When you mention the word yeast, most people think of the helpful little organisms that help bread dough to rise before we bake it. But, when a different species of yeast, called Candida albicans, has a "growth spurt" on our skin, the consequences are much more unpleasant than opening an oven and pulling out a fresh loaf of homemade bread.
Candida albicans yeast is a type of fungus that is found on our skin normally, but only causes trouble when there is an overgrowth. Especially in hot, humid weather, areas of the body such as the armpits, groin, and the underneath of women's breasts, where skin touches skin, can become moist and warm enough to provide a perfect environment for an overgrowth to occur. Obese people with skin that folds over, and diabetics are particularly susceptible to this, as are those with poor hygiene or depressed immune systems. Candida infections, especially of the mouth or vagina, can also occur in people who have been on a long course of antibiotics.
If a Candida rash develops in a skin fold, it's called intertrigo, and it usually has a very characteristic appearance, and is easily diagnosed by a physician. But in cases where there is doubt, the doctor may scrape a small area of skin cells off to test and view under a slide. Candidiasis of the mouth and throat is called thrush, and is more common in those with chronic disease. Cheilitis is a softening of the corners of the mouth at the creases. Candida is also the most common cause for diaper rash.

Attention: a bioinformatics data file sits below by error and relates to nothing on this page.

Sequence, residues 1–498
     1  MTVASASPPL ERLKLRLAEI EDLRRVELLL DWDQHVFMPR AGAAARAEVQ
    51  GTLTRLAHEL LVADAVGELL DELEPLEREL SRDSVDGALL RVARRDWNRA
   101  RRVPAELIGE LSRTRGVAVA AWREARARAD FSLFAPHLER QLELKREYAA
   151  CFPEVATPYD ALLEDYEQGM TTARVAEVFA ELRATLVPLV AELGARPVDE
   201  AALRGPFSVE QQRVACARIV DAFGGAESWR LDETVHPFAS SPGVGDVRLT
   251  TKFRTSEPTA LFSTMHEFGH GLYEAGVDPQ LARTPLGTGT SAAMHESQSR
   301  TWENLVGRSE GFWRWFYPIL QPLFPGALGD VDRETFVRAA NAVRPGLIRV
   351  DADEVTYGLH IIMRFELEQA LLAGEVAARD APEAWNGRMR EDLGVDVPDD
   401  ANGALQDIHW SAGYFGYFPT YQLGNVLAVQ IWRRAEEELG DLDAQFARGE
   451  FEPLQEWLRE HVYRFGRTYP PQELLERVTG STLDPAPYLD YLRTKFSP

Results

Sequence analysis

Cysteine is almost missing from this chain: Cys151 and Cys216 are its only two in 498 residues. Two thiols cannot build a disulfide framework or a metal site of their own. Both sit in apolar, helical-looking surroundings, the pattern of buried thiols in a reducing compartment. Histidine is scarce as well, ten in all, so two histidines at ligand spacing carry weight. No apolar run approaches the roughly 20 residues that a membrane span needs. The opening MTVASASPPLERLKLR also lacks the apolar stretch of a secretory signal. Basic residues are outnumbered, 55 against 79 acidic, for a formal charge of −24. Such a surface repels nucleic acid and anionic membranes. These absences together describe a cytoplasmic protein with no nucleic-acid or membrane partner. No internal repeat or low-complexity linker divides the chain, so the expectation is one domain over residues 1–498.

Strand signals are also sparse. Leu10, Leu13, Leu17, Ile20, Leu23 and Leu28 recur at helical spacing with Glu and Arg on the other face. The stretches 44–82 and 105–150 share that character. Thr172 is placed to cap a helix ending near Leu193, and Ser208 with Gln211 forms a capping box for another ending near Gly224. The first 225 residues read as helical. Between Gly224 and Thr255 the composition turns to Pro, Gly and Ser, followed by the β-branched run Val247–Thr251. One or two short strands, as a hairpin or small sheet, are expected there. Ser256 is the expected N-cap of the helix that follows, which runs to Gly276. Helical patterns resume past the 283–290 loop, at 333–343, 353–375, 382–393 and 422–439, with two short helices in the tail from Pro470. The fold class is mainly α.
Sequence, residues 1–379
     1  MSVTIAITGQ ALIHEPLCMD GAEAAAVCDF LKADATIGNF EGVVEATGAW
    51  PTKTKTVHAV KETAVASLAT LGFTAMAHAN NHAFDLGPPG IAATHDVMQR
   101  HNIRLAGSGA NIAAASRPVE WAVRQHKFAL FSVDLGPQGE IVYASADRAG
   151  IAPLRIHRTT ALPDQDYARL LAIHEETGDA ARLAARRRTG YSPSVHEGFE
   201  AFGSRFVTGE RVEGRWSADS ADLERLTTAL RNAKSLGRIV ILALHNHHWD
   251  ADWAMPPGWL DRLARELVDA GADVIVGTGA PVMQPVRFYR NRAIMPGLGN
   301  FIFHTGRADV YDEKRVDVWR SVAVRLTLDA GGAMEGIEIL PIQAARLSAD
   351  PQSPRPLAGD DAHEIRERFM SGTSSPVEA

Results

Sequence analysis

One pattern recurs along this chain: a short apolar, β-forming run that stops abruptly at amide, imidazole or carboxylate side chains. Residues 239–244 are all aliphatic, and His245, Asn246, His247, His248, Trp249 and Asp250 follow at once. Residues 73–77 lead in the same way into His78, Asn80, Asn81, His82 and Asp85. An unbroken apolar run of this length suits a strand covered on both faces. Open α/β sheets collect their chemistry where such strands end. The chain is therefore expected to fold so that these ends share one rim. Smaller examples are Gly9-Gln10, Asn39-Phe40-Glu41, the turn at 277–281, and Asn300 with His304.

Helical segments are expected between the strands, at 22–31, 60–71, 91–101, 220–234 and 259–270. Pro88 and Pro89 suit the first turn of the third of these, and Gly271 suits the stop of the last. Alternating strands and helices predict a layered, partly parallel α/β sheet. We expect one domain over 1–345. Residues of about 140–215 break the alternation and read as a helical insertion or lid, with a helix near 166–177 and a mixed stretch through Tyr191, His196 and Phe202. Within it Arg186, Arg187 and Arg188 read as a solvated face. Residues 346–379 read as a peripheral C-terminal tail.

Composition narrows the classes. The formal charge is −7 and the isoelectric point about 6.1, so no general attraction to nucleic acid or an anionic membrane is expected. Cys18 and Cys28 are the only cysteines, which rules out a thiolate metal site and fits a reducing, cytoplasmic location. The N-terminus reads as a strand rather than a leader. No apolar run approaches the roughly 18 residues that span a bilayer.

Treatment for the condition is usually topical, with the application of an antifungal cream such as clotrimazole or miconazole, but may also involve antibiotic therapy if a secondary infection is discovered. Oral antifungal medications may be necessary for nail bed infection, or severe candida infections in other parts of the body.
Opportunistic yeast infections can also affect the body systemically and, when that happens, significant problems can arise, especially in immuno-compromised patients who suffer from cancer or HIV/AIDS, or who have had organ transplants. Candida yeasts currently rank as the fourth leading cause of bloodstream infections in the United States.
Prevalence is higher among those with diabetes, and those age 65 or older.
In one study of incontinent elderly patients with "diaper dermatitis," more than 60 percent were related to a Candida infection. In aging populations being treated with chemotherapy for cancer, there was a higher risk for Candida infection.
Prevention strategies are important, as these infections tend to recur. Cleansing the skin thoroughly on a daily basis, and keeping the skin dry is very useful. It's also best to wear loose-fitting, soft undergarments that do not trap moisture near the skin and change them more frequently. Losing weight, and keeping blood glucose levels under control, in the case of diabetic patients, is helpful as well.
If you think you may have a Candida infection, see your medical professional. Some medications used to treat this infection have interactions with other classes of medications, so it's best to be sure that your doctor knows what else you are taking when you discuss this issue.
Anne Springer is the public relations director of SeniorCare Inc., your local area agency on aging. To reach SeniorCare, call 978-281-1750.